It always throws me returning home. It doesn’t matter how long I’ve been away, a week or a night or a couple of days, it’s the leaving of one place and the returning to another that I have also left. I inhabit spaces so completely – not always a comfortable thing. He doesn’t. He is never as at home as when he is at home. I make home wherever I am which makes the wrench of leaving, whether it is my real home, or my temporary one, hard. It fitted me that little space. A glove, a coat, a cardigan – it fitted me and knew me. I liked it’s rhythms, it’s nooks and crannies, the way that the smallness was turned to an advantage. See how near everything is – it was the smallness of my childhood, a doll’s house kind of smallness. It asked so little of me. I needed that, though the grief still surfaced. Was that such a bad thing? Everyone seemed to welcome me, or perhaps it was just that I was happy to be there. In that simplicity. A simple life, modest. I lived on yoghurt, fruit, spinach and porridge. Simple. And I read and read. Almost all the six books I took with me, their maternal stories weaving into my dreams. And I wrote and wrote – longhand, trying not to think, trying not to compose but to write automatically to see what comes out. I am tired. Yet I have to clean, to make the house ready, neat. The journey was long and with yet another Friday debacle. A train on fire apparently that virtually brought the network to a standstill. The carriages took onĀ  wartime spirit. Nice. And in the end they got us a taxi all the way from Shrewsbury. We chattered, mostly of Norway. Small world. She’s going to see if she can find someone to ‘talk’ to me. I’d like that but fret about when and how. It’s tiredness, as is our niggles with each other. He too wants changes. Small ones, tweaks as to how we manage our life together. The rest, the break from me has done him good. He looks positively rosy. So much to do and I want to do it all at once. And I can’t. Breathe. One thing at a time. Another prize. Such childlike delight. I feel looked after each time. Like finding a coin or a feather. I met such kind people on my journey yesterday. They opened me.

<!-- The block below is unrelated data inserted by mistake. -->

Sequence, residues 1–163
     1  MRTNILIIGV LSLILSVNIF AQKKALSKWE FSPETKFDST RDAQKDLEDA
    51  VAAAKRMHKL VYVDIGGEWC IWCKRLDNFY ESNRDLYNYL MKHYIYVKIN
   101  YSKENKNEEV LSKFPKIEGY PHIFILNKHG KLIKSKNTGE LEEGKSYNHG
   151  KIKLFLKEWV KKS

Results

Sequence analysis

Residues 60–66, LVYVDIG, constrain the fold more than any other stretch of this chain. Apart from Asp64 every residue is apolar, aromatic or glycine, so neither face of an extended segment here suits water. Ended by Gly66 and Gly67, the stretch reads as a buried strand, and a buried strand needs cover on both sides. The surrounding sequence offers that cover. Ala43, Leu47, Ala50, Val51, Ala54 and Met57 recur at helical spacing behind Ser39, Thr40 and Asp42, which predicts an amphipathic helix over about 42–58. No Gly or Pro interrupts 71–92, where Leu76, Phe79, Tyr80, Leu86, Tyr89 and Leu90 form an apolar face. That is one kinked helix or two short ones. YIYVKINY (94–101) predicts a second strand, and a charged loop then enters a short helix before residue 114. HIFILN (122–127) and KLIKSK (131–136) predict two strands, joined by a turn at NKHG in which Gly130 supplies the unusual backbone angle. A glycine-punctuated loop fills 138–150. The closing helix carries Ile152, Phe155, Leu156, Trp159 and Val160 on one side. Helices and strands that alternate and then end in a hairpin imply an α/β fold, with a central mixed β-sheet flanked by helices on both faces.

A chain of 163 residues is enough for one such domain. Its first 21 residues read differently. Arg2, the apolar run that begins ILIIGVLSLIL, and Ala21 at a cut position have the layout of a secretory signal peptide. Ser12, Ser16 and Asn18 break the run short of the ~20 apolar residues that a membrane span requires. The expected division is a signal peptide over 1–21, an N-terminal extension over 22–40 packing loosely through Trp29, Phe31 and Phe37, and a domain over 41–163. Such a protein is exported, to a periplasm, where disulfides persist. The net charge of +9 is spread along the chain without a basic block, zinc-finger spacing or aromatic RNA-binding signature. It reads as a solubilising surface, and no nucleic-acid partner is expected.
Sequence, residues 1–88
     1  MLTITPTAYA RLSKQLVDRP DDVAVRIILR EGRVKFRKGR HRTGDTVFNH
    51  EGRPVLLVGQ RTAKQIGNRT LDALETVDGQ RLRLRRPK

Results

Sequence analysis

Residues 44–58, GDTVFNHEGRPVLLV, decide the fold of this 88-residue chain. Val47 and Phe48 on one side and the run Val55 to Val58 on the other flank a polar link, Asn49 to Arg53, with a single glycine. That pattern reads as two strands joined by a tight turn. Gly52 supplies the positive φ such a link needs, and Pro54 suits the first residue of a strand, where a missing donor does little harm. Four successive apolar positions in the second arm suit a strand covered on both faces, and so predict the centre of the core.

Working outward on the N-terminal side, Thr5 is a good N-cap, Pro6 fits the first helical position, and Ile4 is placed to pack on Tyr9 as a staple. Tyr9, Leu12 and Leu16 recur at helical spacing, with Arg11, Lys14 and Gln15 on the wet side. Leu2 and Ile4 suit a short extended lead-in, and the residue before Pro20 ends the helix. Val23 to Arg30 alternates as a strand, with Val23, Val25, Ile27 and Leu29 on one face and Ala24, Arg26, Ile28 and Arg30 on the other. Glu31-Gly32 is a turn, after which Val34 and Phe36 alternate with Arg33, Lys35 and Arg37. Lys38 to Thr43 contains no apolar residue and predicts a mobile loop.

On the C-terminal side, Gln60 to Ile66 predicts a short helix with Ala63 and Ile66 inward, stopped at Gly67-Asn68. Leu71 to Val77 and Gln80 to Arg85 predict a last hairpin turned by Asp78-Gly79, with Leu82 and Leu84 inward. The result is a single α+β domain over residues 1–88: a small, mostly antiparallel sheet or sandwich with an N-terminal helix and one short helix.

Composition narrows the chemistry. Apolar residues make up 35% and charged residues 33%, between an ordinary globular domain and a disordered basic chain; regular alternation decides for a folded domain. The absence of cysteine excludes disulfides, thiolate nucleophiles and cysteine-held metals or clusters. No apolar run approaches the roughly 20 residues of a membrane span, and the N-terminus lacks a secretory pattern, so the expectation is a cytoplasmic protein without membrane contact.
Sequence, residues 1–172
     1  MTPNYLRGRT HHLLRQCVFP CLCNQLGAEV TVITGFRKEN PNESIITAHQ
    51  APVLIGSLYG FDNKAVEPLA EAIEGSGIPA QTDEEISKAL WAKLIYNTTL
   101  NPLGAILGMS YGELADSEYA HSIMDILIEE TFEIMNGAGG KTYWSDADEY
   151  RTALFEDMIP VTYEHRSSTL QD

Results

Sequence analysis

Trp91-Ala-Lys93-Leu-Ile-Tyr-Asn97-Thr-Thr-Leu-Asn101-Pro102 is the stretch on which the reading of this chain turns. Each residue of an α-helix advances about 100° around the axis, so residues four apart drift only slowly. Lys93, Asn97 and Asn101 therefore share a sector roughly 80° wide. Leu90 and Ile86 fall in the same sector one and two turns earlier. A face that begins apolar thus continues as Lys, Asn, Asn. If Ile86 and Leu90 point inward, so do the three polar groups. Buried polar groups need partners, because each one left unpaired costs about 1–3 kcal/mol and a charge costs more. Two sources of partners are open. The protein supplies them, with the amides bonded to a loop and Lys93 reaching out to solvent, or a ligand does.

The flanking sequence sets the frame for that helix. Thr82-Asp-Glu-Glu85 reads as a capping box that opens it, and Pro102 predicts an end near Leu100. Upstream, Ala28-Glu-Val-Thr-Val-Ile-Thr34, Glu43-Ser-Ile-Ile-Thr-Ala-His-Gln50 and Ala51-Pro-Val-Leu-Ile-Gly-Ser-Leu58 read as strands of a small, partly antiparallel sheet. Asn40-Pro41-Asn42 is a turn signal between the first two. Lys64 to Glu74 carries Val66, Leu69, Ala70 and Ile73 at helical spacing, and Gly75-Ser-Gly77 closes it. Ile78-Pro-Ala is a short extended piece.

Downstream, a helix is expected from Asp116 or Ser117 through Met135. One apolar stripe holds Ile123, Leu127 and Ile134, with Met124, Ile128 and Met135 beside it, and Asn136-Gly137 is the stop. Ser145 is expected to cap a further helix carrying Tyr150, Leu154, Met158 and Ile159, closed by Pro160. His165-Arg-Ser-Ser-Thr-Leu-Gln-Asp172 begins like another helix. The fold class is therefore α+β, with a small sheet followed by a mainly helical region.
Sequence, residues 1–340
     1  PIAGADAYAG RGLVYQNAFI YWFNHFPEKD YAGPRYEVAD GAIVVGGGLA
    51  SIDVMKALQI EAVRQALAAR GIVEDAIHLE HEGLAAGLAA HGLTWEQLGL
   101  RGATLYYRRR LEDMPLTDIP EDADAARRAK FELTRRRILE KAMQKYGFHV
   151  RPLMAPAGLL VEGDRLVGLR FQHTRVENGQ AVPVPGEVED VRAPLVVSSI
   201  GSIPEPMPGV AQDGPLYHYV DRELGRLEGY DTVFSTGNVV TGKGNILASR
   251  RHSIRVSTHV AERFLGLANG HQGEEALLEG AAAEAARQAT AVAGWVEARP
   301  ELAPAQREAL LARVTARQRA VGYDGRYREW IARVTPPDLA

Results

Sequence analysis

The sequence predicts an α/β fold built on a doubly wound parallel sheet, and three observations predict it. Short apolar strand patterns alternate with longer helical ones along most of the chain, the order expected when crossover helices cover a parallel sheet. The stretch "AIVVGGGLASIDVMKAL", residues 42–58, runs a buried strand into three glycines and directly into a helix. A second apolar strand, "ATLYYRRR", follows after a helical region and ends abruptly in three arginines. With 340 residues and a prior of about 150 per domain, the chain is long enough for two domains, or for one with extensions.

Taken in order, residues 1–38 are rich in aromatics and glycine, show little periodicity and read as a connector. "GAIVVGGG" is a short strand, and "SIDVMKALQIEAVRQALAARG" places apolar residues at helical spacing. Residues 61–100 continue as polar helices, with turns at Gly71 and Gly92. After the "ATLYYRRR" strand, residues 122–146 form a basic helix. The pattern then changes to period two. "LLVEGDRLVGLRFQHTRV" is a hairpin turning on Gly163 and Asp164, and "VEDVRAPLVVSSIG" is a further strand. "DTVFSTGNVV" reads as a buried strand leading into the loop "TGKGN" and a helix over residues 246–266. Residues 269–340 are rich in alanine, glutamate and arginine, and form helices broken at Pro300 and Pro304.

You look lovely, he said as he met me at the station. I feel like shite but thank you, thank you.

By Ellen Bell

Artist and writer currently living in Aberystwyth.